The UnHoly Trinity
Philosophy Cigarettes Whisky
‘I See No Radiant Tomorrows’
Vaclav Havel former President of Czechoslovakia 1989-92
& Czech Republic 1993-2003
MEETING Vaclav Havel in his fourth floor Prague apartment can be unnerving. In the era of glasnost, the bugged telephone, rings constantly. Cigarette smoke blues the air. Whisky glasses rarely stand empty. Policemen sometimes stand guard outside the apartment across the street, as in a Kafka novel. Mr Havel’s dog was shot dead by the secret police on the doorstep.
This atmosphere of state repression gets on my nerves, but Mr Havel is a calm and remarkable host. Short, slight and sandy-haired he is I described in police files as a “subversive” and an “anti-Socialist element”.
In reality, he is a courteous, shy, soft-spoken rebel with a democratic cause. He is also among the most brilliant European writers and public figures of our time.
Time is precious. We don’t waste it an small talk. Mr Havel begins to speak with measured passion. The problem of totalitarian power weighs most heavily upon him. He explains that regimes such as Czechoslovakia, Romania and East Germany are unique.
Using more sophisticated methods of control than the dictatorships of the Third World, they are all-embracing and soul-destroying,“Totalitarian regimes get under society’s skin,” he says.
His words against totalitarianism are matched by a deep suspicion of the West. He is not a professional anti-Communist. He tells me that both systems contain huge, faceless organisations which treat people as mere objects.
“The world is losing its human dimension,” he says. “Self-propelling mega-machines, large-scale enterprises, faceless governments and other juggernauts of impersonal power represent the greatest threat to our present day world: Totalitarianism is no more than an extreme expression of this threat".
Havel reaches for more, whisky and cigarettes, Our conversation turns philosophical.
He is is against Utopian visions – “radiant tomorrows” as he calls them. Life is ever-changing and ultimately intangible. Attempts to master it fully, to clamp it down to a blueprint, therefore always end up strait-jacketing and destroying life.
Mr Havel sees a direct link between beautiful Utopias and the gruesomeness of concentration camps. “What is a concentration camp, after all, but an attempt by Utopians to dispose of those elements which don’t fit into their Utopia?” he asks. Pol Pot and Khomeini are on his mind.
His question reminds me why the Western enthusiasm for Mr Gorbachev is considered unrealistic, even disheartening for many people in the East. The disgust produced by failed Utopias is something that people, living in the other half of Europe feel acutely.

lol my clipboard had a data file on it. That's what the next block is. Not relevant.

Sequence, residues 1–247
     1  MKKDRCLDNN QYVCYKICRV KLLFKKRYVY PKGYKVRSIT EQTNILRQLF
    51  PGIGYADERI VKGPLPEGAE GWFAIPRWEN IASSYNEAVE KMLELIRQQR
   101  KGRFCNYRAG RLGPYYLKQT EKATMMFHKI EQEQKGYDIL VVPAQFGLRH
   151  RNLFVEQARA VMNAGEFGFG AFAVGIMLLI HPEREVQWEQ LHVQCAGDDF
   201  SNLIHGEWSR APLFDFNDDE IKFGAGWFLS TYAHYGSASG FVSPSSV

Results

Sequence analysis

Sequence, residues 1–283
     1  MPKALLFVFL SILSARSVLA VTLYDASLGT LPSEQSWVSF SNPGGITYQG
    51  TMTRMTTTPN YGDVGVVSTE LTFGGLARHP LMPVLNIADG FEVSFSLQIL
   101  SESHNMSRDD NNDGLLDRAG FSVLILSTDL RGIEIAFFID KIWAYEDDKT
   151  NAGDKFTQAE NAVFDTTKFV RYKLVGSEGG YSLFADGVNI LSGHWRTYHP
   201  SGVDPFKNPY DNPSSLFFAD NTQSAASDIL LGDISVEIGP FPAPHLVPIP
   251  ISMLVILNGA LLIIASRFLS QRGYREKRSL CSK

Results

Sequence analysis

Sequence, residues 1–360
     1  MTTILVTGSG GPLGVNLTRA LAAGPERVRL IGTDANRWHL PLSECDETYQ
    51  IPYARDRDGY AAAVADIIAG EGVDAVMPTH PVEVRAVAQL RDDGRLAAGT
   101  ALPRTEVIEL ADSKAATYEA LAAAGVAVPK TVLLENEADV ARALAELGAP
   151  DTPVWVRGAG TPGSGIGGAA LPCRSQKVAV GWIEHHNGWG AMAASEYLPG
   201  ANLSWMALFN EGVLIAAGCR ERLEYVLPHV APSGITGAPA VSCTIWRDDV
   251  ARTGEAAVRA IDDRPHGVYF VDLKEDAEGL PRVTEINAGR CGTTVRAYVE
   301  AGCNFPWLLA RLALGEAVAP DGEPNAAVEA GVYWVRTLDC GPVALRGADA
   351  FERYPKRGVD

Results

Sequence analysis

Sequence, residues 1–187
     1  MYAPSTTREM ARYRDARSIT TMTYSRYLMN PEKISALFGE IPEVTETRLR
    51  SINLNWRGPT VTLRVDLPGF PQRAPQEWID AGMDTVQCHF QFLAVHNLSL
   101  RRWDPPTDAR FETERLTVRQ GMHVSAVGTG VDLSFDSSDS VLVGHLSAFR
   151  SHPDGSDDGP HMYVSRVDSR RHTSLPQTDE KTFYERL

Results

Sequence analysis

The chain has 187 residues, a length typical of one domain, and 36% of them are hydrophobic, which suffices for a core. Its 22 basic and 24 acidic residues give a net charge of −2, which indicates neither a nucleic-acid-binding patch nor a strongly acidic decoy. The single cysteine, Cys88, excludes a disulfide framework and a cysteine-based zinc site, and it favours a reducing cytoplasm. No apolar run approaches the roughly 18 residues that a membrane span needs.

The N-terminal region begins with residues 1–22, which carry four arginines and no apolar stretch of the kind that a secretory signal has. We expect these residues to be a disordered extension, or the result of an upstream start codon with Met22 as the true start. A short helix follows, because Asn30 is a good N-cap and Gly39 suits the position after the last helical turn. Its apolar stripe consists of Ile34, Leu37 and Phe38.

I remind him that in his play Temptation a character says: “l don’t give any specific advice, and I don’t fix anything or anyone. The most I do is to stimulate now and again.”
He agrees that that could be his credo as a playwright. Theatre, he says, should not try to thrill or charm playgoers or make things easier for them by providing positive heroes.
“l try to fling my audiences into the heart of problems that they can’t avoid,” says Mr Havel, pausing to light another cigarette. “I try to push people’s noses into our common wretchedness. Theatre should remind people that the time is getting on, that our situation is bad and that there’s no time to lose.”
He describes how he began working in the theatre as a stagehand and soon became literary adviser at the famous Prague Theatre on the Balustrades.
His first play, The Garden, Party, brought him overnight fame in the Sixties. Since then he has become known as a master playwright of the Theatre of the Absurd.
He has written more than a dozen important plays, not all staged in Britain. Among the best-known are The Increased Difficulty of Concentration, an adaptation of The Beggar’s Opera and Temptation, performed by the Royal Shakespeare Company at the Barbican last year.
He modestly forgets to add that he has received many awards, including the American Obie Prize for the best off Broadway play, the Austrian Award for European Literature, and the 1986 Erasmus, prize.
These brilliant accomplishments have their painful side. For more than two decades he has been banned by the, Czechoslovak authorities from directing his own plays.
Worse still, during the same none of his plays has been performed in his Country. The sole exception – an amateur production in 1975 of The Beggar’s Opera in a village near Prague – led to a police raid and to the interrogation of all those who took part in it. This clampdown visibly anguishes him.
Mr Havel, the playwright with an aversion to power – grabbing politicians; has been dragged into politics against his will. He has served three prison sentences in the past 10 years.
He tells me that politics “from below” is one of the few ways individuals can seek. meaningful existence in world threatened by impersonal organisations.
“Only by looking outward,” he says. “and throwing ourselves repeatedly into the tumult of the world, with the intention of making our voices count – only in this way do we really become human beings.”
Surrounded by police and constant threats of arrest and imprisonment, his personal courage is awesome. I now understand why the Czech authorities fear him.
Mr Havel appealed to Mr Tadeusz Mazowiecki, the Polish Prime Minister, and Mr Imre Poszgay, the Hungarian Communist reformer, to support two human rights activists imprisoned in Czechoslovakia.
By Professor Keane Director of the Centre for the Study of Democracy in London.